Brain surgery combines precise science, delicate art and constant innovation, a special blend that is a hallmark of Yale-New Haven Hospital’s Neurosciences services. Over the years, its multidisciplinary teams of highly trained physicians and researchers have achieved remarkable success in diagnosing and treating an ever-expanding range of neurological conditions, from brain tumors and aneurysms to strokes and epilepsy.
In 2010, YNHH raised the bar yet again with the installation of an extremely sophisticated neurosurgery suite in its new Smilow Cancer Hospital. The suite comprises side-by-side operating rooms, equipped with the strongest magnetic resonance imaging (MRI) device available. The space-age machine resides in a bay between the ORs and can quickly glide into either one along a ceiling-mounted rail. Its so-called 3 Tesla technology, produced by IMRIS, allows neurosurgeons in both ORs to generate real-time, instantaneous images of the brain before, during and after procedures.
With the neurosurgery suite’s unique configuration, Yale-New Haven Hospital was the first hospital -- and remains one of the few hospitals -- in the nation to offer both intraoperative MRI and biplane X-ray angiography, the latter which produces 3-D imagery of blood vessels in the brain. Perhaps most amazing, all this happens without ever having to move the patient from the operating table. Compared to conventional methods, this
advancement greatly increases the safety and effectiveness of performing complex brain surgeries.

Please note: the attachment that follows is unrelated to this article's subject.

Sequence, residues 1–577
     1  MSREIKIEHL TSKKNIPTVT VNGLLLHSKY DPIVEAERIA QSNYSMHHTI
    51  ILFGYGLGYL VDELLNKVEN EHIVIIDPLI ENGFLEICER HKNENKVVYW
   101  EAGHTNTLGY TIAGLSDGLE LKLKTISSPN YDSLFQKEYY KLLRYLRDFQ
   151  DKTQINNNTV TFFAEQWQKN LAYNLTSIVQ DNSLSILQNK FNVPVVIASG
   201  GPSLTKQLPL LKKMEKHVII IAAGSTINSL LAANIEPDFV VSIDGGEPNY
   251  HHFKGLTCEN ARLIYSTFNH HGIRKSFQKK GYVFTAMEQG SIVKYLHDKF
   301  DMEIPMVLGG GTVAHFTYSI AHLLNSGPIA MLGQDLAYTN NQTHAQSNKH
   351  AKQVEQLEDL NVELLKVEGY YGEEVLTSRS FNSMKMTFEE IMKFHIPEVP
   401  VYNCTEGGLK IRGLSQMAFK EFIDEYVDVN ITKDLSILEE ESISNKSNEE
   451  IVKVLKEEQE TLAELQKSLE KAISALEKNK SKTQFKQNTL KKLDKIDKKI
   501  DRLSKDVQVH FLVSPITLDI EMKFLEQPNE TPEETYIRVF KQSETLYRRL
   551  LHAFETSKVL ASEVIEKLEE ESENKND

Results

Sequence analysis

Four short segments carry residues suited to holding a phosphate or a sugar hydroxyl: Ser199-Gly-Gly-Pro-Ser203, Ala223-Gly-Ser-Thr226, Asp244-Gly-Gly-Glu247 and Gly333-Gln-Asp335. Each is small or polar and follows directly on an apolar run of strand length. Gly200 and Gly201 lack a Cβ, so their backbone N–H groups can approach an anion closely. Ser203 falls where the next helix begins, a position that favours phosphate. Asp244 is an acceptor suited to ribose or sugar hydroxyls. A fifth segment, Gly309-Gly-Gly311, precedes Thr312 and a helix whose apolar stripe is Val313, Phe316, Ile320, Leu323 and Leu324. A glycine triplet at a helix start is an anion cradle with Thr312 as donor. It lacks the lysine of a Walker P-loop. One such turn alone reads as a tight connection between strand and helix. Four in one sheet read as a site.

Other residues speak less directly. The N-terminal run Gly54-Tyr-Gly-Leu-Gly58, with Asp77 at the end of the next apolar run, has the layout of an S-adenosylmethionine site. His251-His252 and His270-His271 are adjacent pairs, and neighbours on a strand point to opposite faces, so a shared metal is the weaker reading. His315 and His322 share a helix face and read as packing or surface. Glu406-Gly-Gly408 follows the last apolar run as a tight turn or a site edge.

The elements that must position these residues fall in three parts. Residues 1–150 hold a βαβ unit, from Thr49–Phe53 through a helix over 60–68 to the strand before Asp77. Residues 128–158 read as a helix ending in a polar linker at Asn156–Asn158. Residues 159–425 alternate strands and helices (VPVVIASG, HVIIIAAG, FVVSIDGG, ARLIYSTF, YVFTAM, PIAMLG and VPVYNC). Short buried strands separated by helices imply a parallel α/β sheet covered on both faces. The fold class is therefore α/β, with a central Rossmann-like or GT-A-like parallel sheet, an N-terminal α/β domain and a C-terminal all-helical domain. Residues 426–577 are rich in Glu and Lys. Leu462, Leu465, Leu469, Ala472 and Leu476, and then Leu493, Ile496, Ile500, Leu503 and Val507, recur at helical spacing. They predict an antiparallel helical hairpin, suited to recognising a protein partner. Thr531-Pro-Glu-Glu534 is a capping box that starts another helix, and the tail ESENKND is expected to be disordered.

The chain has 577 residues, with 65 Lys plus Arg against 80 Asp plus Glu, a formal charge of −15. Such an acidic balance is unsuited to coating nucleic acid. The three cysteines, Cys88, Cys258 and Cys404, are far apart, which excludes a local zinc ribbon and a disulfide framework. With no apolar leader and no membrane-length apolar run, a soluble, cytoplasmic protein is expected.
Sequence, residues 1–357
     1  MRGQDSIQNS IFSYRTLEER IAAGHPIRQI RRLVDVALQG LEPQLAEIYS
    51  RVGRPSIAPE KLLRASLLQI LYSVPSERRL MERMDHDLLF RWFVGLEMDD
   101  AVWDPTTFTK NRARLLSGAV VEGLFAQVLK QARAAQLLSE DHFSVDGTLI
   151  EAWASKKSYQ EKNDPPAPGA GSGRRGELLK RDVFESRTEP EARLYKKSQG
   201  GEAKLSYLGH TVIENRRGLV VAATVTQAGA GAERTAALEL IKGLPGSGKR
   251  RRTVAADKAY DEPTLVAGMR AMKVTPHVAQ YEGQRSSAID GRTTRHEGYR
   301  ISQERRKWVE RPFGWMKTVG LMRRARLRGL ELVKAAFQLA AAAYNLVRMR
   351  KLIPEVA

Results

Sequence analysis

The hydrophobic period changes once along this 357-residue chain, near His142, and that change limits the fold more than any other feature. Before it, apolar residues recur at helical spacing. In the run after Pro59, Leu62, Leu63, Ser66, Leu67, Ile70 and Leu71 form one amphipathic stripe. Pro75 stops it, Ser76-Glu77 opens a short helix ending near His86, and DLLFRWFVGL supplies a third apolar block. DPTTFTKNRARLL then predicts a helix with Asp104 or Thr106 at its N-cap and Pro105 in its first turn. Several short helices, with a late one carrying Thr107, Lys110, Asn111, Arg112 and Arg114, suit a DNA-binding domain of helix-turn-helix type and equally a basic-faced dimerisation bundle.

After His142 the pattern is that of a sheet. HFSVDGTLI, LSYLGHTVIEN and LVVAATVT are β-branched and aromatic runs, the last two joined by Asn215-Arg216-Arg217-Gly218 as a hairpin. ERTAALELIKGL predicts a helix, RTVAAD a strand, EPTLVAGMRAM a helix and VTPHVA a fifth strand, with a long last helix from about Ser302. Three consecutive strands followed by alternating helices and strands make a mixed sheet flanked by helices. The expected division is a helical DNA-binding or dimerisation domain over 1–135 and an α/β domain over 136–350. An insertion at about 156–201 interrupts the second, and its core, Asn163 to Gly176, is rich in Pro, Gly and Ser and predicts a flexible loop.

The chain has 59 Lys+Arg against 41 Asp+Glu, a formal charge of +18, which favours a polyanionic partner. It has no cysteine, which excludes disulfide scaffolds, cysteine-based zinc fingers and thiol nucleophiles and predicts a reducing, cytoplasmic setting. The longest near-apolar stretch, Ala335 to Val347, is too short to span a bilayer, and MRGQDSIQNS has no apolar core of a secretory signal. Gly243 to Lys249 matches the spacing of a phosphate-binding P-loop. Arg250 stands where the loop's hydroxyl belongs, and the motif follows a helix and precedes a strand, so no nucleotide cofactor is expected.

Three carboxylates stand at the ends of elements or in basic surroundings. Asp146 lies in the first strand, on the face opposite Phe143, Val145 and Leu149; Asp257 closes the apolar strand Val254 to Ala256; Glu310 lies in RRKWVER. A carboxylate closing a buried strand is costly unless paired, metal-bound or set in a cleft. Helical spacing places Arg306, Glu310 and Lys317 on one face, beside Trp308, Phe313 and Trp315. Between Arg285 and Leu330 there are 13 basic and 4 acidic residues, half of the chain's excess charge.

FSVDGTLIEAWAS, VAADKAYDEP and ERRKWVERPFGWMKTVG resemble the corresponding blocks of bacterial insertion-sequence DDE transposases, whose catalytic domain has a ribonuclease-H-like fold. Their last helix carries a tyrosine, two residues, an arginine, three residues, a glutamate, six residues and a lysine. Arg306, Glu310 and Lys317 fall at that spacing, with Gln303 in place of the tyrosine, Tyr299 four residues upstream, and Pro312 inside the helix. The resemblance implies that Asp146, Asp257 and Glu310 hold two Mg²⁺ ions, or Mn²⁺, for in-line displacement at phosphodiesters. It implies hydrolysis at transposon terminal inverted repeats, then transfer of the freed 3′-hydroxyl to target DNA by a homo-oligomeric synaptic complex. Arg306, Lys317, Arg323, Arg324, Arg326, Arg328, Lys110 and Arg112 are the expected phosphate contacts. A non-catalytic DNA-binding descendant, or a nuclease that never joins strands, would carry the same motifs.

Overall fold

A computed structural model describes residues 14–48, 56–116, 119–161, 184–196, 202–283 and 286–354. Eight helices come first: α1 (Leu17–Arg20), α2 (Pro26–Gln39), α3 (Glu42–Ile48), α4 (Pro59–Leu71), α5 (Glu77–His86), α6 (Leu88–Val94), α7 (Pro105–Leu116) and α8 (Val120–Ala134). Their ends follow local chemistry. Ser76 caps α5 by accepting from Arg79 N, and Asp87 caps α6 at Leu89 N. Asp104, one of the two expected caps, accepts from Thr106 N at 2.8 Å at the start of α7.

Phillip Dickey, MD, began his career in neurosurgery at YNHH in 1983 as an intern. “We didn’t even have MRI back then,” he recalls when considering the technological leaps that have resulted in the 3 Tesla imagery. “This is groundbreaking in the sense that it puts Yale-New Haven way above the curve in enhancing and expanding the types of treatments and standard of care that we can offer.” For instance, while performing intricate surgery to remove a brain tumor, Dickey can utilize the IMRIS device to ensure that the entire mass is eliminated. “We can avoid a second operation and all that entails,” he says.
During similarly complicated neurovascular and skull base surgery, Ketan R. Bulsara, MD, relies on the instantaneous imagery of the brain’s tiny blood vessels. Bulsara, director of neuroendovascular and skull base surgery at YNHH and one of a select group of neurosurgeons dual-fellowship-trained in cerebrovascular/skull base microsurgery and endovascular neurosurgery, recalls a case in which a patient was suffering from a brain aneurysm. At first, he attempted to reach the aneurysm directly
through a blood vessel, but soon decided that open brain surgery would be necessary. “Only with the use of this novel angiography technology could we successfully do such a procedure without ever moving the patient,” Bulsara states.
Assisting Bulsara, Dickey and other YNHH neurosurgeons in the suite are nurses, anesthesiologists and other specialists, as well as a cadre of radiologists trained specifically on the IMRIS device. Stationed in a futuristic control room overlooking both ORs, they snap into action whenever the machine is called for, overseeing its operation and analyzing images with the surgeons. The meticulous interaction of the entire team is truly a marvel of ultramodern medicine.